February 10, 2013
left: Apollo AS17-M- 0307 image from ASU Apollo Image Atlas, and right LRO mosaic from LRO QuickMap
The Moon is dead, but it keeps changing before our eyes. That is what makes it so fascinating. When I came across this marvelous terminator image from the Apollo 17 Metric Camera, I realized that the lava surface near Dawes was far more tortuous than it appears on most of the other images I'd seen. The LRO mosaic on the right has a relatively high Sun angle and it depicts an apparently relatively homogenous mare surface. But under nearly grazing lighting the surface is rough everywhere, and broad undulations become visible - see north and west of Beketov. With only a limited amount of the surface covered by such low Sun images it is impossible to understand the origins of the undulations. Perhaps if we had similar images for the entire Moon we would discover a new level of surface processes. I keep hoping that such a mosaic will come from the Lunar Reconnaissance Orbiter Camera team.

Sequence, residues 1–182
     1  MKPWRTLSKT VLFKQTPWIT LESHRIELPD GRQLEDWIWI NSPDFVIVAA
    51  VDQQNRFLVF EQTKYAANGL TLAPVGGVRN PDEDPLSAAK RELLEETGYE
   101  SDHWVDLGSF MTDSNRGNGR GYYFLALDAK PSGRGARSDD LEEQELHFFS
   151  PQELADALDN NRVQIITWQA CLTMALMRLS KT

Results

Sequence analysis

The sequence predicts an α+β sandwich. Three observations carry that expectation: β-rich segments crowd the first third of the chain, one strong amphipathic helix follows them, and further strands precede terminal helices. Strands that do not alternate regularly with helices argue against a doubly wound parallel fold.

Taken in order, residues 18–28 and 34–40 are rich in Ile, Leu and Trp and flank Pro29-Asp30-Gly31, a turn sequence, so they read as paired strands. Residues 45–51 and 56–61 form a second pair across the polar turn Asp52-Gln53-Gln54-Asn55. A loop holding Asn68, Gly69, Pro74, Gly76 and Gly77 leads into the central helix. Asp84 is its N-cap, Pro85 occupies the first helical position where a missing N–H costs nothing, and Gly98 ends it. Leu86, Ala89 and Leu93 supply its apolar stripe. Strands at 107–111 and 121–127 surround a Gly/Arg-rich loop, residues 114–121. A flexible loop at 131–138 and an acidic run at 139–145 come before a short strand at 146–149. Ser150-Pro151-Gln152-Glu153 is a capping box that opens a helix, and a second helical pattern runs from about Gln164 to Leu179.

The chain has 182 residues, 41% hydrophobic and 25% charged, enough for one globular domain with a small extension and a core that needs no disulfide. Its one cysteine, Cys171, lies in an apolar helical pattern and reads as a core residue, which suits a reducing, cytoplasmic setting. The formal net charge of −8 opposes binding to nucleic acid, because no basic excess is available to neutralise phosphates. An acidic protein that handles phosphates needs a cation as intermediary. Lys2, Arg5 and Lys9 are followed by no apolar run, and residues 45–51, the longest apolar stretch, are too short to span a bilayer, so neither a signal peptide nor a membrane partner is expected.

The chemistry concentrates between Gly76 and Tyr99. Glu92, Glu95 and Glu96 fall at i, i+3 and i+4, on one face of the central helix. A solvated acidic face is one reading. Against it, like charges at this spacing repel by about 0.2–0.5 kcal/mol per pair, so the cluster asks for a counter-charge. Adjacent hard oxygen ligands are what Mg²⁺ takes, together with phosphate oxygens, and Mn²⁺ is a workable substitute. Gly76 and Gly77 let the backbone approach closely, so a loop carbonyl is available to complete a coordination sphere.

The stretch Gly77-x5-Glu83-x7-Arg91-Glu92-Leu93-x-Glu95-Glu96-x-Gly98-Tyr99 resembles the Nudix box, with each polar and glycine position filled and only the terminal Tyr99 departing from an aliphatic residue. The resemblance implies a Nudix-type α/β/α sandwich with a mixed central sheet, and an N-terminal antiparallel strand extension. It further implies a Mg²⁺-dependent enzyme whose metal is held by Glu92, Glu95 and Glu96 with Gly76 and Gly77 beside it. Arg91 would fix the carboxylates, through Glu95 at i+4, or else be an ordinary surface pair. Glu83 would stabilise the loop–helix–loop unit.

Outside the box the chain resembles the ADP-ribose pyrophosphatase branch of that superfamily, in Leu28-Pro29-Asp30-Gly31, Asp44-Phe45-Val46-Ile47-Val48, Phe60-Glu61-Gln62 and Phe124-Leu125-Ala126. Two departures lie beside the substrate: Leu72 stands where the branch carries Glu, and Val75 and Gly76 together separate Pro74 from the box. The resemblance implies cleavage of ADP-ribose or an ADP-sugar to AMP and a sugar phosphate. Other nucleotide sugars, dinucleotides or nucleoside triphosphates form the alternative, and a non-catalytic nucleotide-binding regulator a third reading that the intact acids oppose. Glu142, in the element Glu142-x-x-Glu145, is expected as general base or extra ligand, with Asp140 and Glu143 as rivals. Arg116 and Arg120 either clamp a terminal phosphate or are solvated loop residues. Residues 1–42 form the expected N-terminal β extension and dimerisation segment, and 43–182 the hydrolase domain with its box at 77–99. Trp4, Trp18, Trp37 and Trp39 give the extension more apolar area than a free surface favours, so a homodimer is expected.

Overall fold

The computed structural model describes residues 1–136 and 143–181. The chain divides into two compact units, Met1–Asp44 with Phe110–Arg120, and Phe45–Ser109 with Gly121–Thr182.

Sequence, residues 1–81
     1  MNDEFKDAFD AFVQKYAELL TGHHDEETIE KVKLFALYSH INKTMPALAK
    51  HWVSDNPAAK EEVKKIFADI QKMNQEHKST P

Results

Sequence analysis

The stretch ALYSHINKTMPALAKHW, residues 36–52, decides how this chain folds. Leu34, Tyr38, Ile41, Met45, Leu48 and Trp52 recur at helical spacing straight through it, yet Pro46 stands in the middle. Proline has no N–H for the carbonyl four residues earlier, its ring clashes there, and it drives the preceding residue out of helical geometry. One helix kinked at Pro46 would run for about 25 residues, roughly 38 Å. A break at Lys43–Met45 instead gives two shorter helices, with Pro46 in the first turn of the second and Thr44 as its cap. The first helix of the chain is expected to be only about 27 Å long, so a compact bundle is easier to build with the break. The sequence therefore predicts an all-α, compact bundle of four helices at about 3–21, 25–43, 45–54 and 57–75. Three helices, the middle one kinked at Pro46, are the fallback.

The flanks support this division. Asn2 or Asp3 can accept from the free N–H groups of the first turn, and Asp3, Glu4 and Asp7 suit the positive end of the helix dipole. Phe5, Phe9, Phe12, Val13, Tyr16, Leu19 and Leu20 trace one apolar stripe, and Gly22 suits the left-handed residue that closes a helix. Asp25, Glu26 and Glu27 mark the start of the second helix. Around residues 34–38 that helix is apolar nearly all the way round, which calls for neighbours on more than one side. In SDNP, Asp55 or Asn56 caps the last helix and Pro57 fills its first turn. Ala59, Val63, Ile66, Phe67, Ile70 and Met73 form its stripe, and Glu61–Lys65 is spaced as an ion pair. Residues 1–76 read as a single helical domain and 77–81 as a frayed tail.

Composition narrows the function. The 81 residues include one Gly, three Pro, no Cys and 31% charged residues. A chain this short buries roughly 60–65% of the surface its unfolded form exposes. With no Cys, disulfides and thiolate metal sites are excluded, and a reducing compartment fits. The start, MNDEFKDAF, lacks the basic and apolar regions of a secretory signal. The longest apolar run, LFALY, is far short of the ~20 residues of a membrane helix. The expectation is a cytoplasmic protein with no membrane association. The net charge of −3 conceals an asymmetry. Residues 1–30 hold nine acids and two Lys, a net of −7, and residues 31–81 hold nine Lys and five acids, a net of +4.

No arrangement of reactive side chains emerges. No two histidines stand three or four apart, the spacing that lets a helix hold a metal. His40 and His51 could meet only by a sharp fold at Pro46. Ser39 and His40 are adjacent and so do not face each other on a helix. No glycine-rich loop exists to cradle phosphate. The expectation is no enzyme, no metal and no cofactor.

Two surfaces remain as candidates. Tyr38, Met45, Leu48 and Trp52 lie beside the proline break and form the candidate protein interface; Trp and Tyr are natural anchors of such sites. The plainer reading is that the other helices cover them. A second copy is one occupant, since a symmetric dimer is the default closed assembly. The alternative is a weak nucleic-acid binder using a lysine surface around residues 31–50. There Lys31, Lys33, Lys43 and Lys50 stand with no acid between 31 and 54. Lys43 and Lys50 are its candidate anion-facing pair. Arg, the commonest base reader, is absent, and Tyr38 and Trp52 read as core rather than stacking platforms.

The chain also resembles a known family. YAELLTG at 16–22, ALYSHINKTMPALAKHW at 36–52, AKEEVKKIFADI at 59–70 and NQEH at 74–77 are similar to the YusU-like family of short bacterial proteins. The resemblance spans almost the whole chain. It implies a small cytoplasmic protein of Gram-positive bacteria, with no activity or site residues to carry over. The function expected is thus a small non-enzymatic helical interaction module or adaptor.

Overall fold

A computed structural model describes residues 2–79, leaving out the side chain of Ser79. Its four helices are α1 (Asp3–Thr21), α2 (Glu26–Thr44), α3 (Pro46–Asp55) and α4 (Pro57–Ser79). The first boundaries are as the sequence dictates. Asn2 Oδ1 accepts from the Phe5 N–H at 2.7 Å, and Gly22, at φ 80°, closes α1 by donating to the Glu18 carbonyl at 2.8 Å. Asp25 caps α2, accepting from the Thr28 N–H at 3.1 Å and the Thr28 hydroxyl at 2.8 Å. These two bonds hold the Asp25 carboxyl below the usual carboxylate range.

Rükl plate 25
21st Century Atlas charts 8 & B5.
Yesterday's LPOD: Unequal Ejecta
Tomorrow's LPOD: More Evidence